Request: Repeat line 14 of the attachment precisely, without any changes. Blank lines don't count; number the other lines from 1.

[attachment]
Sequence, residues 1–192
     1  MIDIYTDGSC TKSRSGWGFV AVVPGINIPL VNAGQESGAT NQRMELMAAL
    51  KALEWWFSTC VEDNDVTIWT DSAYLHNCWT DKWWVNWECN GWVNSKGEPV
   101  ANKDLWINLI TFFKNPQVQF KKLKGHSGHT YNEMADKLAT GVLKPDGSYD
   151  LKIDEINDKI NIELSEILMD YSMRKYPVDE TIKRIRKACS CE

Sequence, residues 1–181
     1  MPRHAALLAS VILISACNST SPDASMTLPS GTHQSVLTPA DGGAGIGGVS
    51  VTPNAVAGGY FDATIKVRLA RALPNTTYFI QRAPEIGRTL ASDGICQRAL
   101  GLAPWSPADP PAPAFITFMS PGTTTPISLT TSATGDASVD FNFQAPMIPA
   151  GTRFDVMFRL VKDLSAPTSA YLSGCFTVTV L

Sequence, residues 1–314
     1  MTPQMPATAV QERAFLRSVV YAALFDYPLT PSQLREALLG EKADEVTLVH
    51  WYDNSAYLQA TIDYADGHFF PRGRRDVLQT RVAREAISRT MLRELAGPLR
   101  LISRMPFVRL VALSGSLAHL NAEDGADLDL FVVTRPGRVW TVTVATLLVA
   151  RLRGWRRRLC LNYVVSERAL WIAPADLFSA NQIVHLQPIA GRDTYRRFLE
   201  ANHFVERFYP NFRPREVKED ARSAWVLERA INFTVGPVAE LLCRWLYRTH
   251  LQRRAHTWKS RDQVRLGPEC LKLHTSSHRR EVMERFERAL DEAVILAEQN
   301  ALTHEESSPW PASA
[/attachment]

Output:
   101  LISRMPFVRL VALSGSLAHL NAEDGADLDL FVVTRPGRVW TVTVATLLVA